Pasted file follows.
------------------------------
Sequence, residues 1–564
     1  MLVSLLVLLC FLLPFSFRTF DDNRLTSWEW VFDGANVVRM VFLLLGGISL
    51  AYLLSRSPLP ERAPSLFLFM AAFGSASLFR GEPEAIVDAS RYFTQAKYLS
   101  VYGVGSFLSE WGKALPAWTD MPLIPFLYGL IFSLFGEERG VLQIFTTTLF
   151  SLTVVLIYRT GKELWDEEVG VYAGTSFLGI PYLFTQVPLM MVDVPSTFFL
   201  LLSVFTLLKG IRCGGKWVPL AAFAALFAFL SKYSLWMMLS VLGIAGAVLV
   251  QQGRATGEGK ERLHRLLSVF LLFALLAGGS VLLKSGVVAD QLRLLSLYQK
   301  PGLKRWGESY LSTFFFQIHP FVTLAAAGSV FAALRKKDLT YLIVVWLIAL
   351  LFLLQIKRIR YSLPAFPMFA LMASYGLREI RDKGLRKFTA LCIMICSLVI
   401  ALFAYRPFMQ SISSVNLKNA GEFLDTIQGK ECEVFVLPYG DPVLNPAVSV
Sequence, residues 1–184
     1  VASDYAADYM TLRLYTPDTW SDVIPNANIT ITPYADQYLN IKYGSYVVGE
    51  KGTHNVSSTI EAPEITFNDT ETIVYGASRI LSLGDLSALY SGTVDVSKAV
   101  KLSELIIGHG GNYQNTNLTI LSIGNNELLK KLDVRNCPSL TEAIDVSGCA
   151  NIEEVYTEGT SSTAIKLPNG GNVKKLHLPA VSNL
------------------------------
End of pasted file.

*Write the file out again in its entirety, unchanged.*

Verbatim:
Sequence, residues 1–564
     1  MLVSLLVLLC FLLPFSFRTF DDNRLTSWEW VFDGANVVRM VFLLLGGISL
    51  AYLLSRSPLP ERAPSLFLFM AAFGSASLFR GEPEAIVDAS RYFTQAKYLS
   101  VYGVGSFLSE WGKALPAWTD MPLIPFLYGL IFSLFGEERG VLQIFTTTLF
   151  SLTVVLIYRT GKELWDEEVG VYAGTSFLGI PYLFTQVPLM MVDVPSTFFL
   201  LLSVFTLLKG IRCGGKWVPL AAFAALFAFL SKYSLWMMLS VLGIAGAVLV
   251  QQGRATGEGK ERLHRLLSVF LLFALLAGGS VLLKSGVVAD QLRLLSLYQK
   301  PGLKRWGESY LSTFFFQIHP FVTLAAAGSV FAALRKKDLT YLIVVWLIAL
   351  LFLLQIKRIR YSLPAFPMFA LMASYGLREI RDKGLRKFTA LCIMICSLVI
   401  ALFAYRPFMQ SISSVNLKNA GEFLDTIQGK ECEVFVLPYG DPVLNPAVSV
Sequence, residues 1–184
     1  VASDYAADYM TLRLYTPDTW SDVIPNANIT ITPYADQYLN IKYGSYVVGE
    51  KGTHNVSSTI EAPEITFNDT ETIVYGASRI LSLGDLSALY SGTVDVSKAV
   101  KLSELIIGHG GNYQNTNLTI LSIGNNELLK KLDVRNCPSL TEAIDVSGCA
   151  NIEEVYTEGT SSTAIKLPNG GNVKKLHLPA VSNL